Talking Back to Facebook by James P. Steyer

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This a parenting book but I am not a parent (I’m still in school, I don’t need any kids right now). I mostly just checked this book out from the library because I find books about technology and social media interesting. Also, I wanted to compare Steyer’s advice for parents in a digital age to what my parents did for me and my little brother back when technology was relatively new but advancing.

Basically, this book is for parents or guardians who want to make sure their kids are being influenced in the right way in a world that’s quick to influence them in a wrong way. It’s true that a child’s natural curiosity can expose them to things that they shouldn’t be exposed to. Even though there are filters and minimum/recommended ages and censors, young kids are still exposed, sometimes inadvertently, sometimes purposefully, to inappropriate images, movies, games, websites, and music.

 

I know when I was growing up, we had one computer (big and beige with a tangle of wires in the back anyone?) and it was in a common room. At an early age, my parents instilled values about what was wrong and what was right, so I could basically make relatively good choices with respect to online behavior. My first cell phone was a Motorola Razr and I got it on my 13th birthday (it was pink, bleh), and social networking was out of the question until high school.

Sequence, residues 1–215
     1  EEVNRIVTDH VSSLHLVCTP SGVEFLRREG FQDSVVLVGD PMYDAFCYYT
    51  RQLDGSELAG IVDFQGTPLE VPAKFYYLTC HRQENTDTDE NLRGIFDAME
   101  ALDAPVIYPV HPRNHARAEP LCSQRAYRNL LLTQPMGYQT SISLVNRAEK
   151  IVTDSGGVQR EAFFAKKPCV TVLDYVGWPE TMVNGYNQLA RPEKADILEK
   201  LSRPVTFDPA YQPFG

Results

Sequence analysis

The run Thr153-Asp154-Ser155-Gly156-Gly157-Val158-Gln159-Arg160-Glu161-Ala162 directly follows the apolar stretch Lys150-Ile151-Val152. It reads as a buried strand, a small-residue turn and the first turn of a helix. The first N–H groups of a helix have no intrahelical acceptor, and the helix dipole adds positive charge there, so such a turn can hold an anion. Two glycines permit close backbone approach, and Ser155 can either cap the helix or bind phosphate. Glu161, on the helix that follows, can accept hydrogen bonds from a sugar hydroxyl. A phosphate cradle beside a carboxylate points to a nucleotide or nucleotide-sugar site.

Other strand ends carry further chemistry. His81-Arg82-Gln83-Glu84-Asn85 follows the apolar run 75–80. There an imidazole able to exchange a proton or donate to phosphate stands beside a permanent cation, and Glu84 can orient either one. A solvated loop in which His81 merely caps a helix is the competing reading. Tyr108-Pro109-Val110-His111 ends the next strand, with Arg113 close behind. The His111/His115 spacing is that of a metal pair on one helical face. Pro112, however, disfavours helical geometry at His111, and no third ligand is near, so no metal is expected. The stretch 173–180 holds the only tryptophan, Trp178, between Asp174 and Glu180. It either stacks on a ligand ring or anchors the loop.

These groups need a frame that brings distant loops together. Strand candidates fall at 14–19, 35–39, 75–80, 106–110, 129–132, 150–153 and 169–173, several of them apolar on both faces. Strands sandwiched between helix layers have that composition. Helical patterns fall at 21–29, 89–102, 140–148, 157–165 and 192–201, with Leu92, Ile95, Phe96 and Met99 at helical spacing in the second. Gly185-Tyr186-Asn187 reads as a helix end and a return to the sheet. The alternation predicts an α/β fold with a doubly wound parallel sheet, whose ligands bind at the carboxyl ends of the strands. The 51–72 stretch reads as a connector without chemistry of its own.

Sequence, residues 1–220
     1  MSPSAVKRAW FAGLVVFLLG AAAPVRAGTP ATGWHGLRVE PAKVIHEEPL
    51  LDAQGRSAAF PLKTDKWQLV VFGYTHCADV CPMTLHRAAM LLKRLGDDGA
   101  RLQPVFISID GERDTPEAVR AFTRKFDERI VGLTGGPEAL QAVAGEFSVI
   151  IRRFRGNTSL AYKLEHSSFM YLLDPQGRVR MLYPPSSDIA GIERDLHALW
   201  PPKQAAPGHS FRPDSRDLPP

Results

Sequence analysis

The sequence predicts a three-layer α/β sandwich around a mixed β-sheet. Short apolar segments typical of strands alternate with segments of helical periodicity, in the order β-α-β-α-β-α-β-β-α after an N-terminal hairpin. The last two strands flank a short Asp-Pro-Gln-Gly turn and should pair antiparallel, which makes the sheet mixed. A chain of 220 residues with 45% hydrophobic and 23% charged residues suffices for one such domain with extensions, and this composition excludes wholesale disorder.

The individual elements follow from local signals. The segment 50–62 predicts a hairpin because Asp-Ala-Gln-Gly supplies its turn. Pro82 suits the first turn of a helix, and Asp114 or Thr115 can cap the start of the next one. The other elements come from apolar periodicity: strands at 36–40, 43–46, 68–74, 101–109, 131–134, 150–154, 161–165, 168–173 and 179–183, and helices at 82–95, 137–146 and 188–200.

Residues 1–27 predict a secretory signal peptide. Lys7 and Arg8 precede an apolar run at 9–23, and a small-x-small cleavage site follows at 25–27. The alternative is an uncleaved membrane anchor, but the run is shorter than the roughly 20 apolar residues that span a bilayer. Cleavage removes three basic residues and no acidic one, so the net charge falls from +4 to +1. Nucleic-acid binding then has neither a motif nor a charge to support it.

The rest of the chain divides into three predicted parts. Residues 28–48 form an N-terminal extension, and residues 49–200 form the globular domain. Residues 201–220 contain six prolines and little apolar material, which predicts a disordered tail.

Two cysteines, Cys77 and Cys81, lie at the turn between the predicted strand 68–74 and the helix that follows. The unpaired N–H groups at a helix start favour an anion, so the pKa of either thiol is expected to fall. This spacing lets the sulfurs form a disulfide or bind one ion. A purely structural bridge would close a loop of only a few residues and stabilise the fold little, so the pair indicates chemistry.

Now that the times are changing, my little brother did everything I did, but sometimes at an earlier age. His first phone was an iPhone 4, which he got at 14. Social networking? Age 13. Although we grew up with the same computer, he mostly used our first PC as a child, a flatscreen Windows XP (of course now we all use Macs but that’s a different story). At that time, we each had a computer in our own rooms (he was about 9 at the time). Even with our 4 year difference, you can see how technology has changed the environment in which we grew up. Is it for the better or for the worse? I don’t know, we might have to wait a few more years to find out.

Now I did like the book. I found it very interesting and I’ll most likely use the information for me or for any future children I have. I did skim over a few parts because, like I said, I’m not a parent. The information was a bit repetitive, then again, I read the whole book, not just the parts dedicated to a certain topic or age group like some parents may do. Steyer is the CEO of company Common Sense so you can expect some plugs for his company throughout, but I found it quite annoying. Then again, I’m not a parent, and I’m sure some parents would love to be reminded of resources that they can use to teach their children about the influence of technology. So if you are a parent of a young child or a teenager, I would recommend this book for you.

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